In-ground pools a great addition to any home. They keep your children entertained for hours, let you relax in the sun, or get a nice tan. Now, you might be wondering why pools always seem to be so clean, despite the leaves, bugs and other debris that ends up in them. This is because of pool filters. If you didn’t have a pool filter in your pool, the water would turn musty, green and there would be leaves and bugs galore floating in your pool. Obviously, nobody wants to swim in a dirty pool.
There are three different kinds of pool filters. Sand filters work by filtering the dirty water and debris through sand, trapping the debris and cleaning the water in the process. DE filters use diatomaceous earth as a filter material. The dirty water passes through the DE material and is filtered out. It filters down to 5-8 microns in size. The most popular and well-known type of pool filter is the cartridge filter. Nearly the same as the DE filter, the cartridge filter works by using a paper type cartridge – you could think of it as a coffee filter. As the dirty water passes through, the cartridge filter cleans it.
Cleaning a Sand Filter
Cleaning a sand filter is the easiest of all three Locate your multi port valve (also called control valve) Simply switch the valve to BACKWASH mode and wait about 10 minutes Do this every 2-3 weeks depending on pool usage
Cleaning a DE filter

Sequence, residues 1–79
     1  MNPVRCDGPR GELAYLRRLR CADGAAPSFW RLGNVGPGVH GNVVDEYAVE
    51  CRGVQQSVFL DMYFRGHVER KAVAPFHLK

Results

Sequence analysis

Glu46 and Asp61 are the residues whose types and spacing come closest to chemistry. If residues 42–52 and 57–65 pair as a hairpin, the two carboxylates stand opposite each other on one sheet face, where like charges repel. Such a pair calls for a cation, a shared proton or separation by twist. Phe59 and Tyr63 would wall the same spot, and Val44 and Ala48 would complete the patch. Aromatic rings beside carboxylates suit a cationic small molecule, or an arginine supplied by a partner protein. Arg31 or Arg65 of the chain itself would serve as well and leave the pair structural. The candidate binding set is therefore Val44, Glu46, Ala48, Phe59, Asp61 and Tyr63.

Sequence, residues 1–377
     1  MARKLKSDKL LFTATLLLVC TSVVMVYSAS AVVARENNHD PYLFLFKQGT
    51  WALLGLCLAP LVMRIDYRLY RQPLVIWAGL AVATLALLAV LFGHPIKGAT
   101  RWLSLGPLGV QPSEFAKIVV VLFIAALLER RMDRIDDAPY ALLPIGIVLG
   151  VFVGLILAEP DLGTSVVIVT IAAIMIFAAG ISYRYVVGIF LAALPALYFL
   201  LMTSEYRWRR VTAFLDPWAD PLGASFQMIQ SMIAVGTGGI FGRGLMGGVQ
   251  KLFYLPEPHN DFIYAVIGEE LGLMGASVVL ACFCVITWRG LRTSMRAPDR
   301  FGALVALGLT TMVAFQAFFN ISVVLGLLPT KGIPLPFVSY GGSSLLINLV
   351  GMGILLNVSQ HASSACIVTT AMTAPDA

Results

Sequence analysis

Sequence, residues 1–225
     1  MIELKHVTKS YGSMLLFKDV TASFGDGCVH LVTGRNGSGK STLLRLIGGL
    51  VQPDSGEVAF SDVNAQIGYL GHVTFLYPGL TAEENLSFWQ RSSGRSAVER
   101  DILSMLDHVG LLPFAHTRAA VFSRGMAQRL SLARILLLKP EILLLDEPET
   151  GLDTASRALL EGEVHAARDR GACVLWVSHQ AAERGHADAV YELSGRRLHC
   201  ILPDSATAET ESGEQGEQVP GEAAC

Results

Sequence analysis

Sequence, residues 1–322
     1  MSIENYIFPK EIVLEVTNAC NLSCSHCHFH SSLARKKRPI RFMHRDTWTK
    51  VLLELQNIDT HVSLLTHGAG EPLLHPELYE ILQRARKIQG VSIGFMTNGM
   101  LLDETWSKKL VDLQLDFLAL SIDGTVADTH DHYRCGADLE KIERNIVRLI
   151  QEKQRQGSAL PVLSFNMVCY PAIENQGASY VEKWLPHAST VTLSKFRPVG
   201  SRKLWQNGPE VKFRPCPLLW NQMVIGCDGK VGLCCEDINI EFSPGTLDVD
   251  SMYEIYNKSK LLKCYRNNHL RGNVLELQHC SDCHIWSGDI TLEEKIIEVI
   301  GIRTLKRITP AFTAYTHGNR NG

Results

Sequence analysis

DE filters are the most effective, but also the hardest to clean. First, backwash the pool, keeping the mode on backwash the entire cleaning time. After backwashing, remove the top of the filter. Remove top alignment manifold. Carefully wiggle out all eight of the grids. Clean the filter by using your garden hose or a slightly pressurized washer. Reinstall the filter into the pool, turn off backwash mode
Cleaning a Cartridge Filter
Cartridge filters are the most common, so they will receive the most attention. Remove the cartridge from the pump filter assembly. Spray it down with a garden hose before it dries. If the filter is allowed to dry, it will become extremely hard to remove the dirt and debris. After washing, allow filters to dry thoroughly Use an air compressor shake the filter to remove excess loose particles from the filter’s fabric Fill a 5 gallon bucket with 1 gallon of pool chlorine and 4 gallons of water. Allow the filters to soak in the solution for 3-5 days Remove the filters after 3-5 days and rinse the bucket with water. Dry the filters in the sunlight, brushing off any dirt that might have been attracted to the filter Mix a solution of acid that will dissolve the minerals that build up in the filter – Add 3 gallons of water and 1 ½ quarts of acid to the solution. Allow the filters to soak in this solution until the acid stops bubbling Remove the filters and rinse with plenty of fresh water, ensuring you remove all of the acid and any dirt that still might remain Reinstall the filters – enjoy!